Digital Identity Trends 2021–2022

Digital identity (Digital ID, eID) has become one of the most significant technological trends on the planet in the 21st century. Indeed, for a growing number of stakeholders and citizens, this is already an everyday reality rather than a fear of a conspiracy of mass chipping of people. As a result, today we are witnessing a revolution in the way people interact with government agencies and other business entities, such as, for example, the World Digital identification association WDIA.

In this article, we’ll highlight five key digital identity trends that have begun to shape the digital ID world around us in 2020, and that will impact the future of the industry.

What is digital identity?

• It can include attributes such as a unique identification number, social security number, name, place and date of birth, citizenship, biometrics, and more, as defined by national law.

• With certain credentials (eID card in Spain or Portugal, mobile identifier in Finland or Estonia, unique identification number in India), it can also be used to authenticate its owner. These credentials may also include a digital identity certificate for electronic signature (user consent to take action), stamp and / or seal (date stamp).

For starters, don’t expect a slowdown in Digital ID development, especially given the growth we’ve seen over the past two years. In 2021–2022, amid COVID-19 challenges, we will see some of the most rapid evolutionary changes that stakeholders and their partners in secure digital identity have experienced so far. We would venture to suggest that these changes represent important signals for authorities who want digital identity and online services (especially mobile services) to drive modernization in the coming years. Therefore, as the main trends for the development of Digital ID in 2021–2022, we can highlight:

1. More user mobility and more Internet access points

2. Increased demand for reliability and safety

In 2018–2020, we have already seen by citizens in the future that the measures taken to improve security and combat fraud are generally well received by citizens. Confidentiality requires strict accountability. Over the years, we have witnessed the appearance of the global consensus, the fundamental principle of which is the inadmissibility of mismanagement of personal information and that companies that do not protect data properly may be fined.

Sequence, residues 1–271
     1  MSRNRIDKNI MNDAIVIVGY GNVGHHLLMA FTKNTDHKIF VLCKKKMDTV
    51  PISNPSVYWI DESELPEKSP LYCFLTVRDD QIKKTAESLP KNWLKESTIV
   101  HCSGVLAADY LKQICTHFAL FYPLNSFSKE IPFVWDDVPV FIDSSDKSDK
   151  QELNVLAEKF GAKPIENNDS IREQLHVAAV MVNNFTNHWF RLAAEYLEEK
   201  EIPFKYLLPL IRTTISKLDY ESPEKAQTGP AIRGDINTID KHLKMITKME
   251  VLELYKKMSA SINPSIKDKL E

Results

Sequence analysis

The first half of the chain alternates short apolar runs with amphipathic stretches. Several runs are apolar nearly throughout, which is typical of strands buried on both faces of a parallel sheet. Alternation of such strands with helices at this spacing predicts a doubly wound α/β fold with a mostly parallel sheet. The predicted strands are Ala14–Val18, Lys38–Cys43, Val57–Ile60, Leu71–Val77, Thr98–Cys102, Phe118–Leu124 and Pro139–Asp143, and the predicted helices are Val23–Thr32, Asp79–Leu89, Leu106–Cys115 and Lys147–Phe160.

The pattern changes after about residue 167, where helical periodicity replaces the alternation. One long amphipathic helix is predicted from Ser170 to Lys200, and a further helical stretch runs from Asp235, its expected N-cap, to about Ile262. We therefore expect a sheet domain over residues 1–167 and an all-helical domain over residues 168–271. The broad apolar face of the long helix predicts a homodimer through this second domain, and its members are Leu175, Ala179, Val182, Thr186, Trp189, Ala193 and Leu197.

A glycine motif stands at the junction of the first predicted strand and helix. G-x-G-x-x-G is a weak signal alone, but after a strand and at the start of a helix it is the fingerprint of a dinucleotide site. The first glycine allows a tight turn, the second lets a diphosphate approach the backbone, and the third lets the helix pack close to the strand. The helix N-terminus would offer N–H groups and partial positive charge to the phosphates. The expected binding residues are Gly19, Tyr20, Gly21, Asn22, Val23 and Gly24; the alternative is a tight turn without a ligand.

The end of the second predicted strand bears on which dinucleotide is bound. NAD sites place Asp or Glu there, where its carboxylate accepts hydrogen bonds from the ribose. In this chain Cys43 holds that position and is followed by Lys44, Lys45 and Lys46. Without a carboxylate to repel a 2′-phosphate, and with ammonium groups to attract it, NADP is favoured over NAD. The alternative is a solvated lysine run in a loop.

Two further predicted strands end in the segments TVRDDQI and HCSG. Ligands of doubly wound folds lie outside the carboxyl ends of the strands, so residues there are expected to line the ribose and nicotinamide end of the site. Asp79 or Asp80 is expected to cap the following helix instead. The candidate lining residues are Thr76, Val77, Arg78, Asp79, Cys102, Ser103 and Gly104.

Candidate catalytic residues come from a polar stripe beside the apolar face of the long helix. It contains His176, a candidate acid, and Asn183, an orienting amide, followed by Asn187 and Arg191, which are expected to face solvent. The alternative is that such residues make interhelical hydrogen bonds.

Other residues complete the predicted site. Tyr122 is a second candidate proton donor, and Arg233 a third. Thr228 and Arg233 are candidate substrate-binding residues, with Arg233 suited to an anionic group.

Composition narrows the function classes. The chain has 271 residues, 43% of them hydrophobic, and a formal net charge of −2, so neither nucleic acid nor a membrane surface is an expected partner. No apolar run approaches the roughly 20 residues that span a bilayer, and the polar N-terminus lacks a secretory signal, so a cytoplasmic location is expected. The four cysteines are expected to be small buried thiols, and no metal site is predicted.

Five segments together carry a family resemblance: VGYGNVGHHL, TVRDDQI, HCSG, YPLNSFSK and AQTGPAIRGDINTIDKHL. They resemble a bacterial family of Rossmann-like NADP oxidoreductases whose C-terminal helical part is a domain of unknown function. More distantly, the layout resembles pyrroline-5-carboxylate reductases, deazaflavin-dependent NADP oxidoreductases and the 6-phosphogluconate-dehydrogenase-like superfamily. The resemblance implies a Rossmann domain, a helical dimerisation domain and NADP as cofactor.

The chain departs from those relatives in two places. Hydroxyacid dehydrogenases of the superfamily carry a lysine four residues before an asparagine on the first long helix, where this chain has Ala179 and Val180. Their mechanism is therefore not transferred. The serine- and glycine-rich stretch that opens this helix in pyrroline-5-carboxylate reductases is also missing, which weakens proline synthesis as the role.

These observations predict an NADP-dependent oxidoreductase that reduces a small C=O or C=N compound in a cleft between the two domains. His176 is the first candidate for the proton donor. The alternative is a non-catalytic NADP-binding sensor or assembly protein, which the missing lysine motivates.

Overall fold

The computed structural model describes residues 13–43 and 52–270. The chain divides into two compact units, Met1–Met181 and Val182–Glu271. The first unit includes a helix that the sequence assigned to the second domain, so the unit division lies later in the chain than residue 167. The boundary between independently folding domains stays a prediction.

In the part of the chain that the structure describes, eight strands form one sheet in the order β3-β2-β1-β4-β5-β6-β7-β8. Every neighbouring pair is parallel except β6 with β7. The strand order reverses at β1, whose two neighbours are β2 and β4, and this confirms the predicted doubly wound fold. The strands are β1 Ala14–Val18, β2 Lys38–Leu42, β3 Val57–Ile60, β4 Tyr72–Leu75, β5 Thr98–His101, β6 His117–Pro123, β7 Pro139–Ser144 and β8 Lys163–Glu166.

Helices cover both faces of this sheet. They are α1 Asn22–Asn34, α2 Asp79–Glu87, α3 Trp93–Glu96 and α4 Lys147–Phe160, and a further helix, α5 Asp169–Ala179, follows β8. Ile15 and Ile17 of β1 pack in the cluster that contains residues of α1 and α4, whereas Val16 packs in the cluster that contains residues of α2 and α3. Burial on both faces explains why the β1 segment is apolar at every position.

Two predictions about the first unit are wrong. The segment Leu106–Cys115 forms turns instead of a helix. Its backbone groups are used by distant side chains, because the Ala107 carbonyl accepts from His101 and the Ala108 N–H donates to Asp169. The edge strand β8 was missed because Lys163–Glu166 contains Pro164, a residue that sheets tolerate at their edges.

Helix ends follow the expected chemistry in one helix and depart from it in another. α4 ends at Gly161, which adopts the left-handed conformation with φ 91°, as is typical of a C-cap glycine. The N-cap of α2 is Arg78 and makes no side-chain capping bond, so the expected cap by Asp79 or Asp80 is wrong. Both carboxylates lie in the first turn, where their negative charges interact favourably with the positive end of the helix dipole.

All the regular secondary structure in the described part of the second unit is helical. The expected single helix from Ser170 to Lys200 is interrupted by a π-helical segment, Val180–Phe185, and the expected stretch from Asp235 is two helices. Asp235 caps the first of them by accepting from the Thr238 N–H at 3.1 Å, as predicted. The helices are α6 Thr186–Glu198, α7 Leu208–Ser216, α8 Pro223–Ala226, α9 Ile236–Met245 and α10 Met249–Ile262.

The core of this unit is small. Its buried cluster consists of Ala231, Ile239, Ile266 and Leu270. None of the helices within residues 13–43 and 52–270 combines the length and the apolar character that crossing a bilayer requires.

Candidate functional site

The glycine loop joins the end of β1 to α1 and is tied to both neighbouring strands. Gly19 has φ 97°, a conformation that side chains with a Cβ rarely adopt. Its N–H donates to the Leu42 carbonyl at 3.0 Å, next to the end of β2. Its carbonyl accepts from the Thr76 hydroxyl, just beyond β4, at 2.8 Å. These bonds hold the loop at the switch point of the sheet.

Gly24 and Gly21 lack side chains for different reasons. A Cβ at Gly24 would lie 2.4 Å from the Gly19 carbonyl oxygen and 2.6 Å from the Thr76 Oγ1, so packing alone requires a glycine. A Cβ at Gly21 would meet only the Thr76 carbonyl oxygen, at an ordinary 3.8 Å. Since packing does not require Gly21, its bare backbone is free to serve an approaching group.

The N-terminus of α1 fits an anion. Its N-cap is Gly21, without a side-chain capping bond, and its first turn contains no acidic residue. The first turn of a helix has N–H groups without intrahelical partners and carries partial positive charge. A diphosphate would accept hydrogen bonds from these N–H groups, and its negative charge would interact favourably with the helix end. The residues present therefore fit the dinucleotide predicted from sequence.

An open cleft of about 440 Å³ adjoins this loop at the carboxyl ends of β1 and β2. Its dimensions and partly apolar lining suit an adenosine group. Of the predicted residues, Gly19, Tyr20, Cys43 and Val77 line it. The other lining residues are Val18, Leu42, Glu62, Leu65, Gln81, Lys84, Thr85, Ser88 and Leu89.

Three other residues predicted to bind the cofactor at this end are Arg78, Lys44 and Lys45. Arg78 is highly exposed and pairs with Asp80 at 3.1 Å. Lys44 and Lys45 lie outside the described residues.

3. Accelerated transition to an interconnected Smart Cities ecosystem

This model, of course, includes e-government, or mobile government, which uses digital government to provide access to a wide range of services and support. In other words, the smart city will be our playground. Smart cities are inherently designed for a mobile environment. Thus, the digital identity will be a virtual umbilical cord that continuously connects each person with their social and social life. The message for government agencies is unambiguous: the national digital identity card offers unique opportunities.

4. State control of digital identification systems

Of course, the real source of new business opportunities is not digital identity itself, but the multitude of applications it opens up. It is in this area that banks and other operators will see a return on their investment.

As noted, the proliferation of digital identifiers is in full swing. Thus, the focus will be on the adoption of the new structures and rules needed to govern the related services and transactions. The role of public authorities in 2021–2022 will be as follows:

• Creation and development of national impulses.

• Support and coordination of investments by local governments, thanks to which local transformations, close to public life, can work effectively and efficiently.

• Ensure that these multiple local initiatives create a coherent and interoperable range of solutions: wherever they are, mobile citizens can find similar ways of serving.

5. Creation of even more national programs, initiatives and adaptive developments of identification and eID

Millennials now make up the majority of employees and a growing proportion of the total population. They are changing the culture of our institutions. Ultimately, this technically forward generation turns out to be right. Older generations, finally joining and embracing these forms of technology, can break out of their isolation, stay in touch and maintain social and especially family ties.

Summing up, we would like to note that the next 24 months will be a turning point in the process of a massive transition to Digital ID. What used to be pilot projects for many governments will now become an integral part of our daily life, as evidenced by the trends in the development of digital identity described above.

Worldwide Digital Identification Association (WDIA) Rue du Pré­de­ la­ Bichette 1, Geneva, CH­1202, Switzerland +41 225 0 87 8 87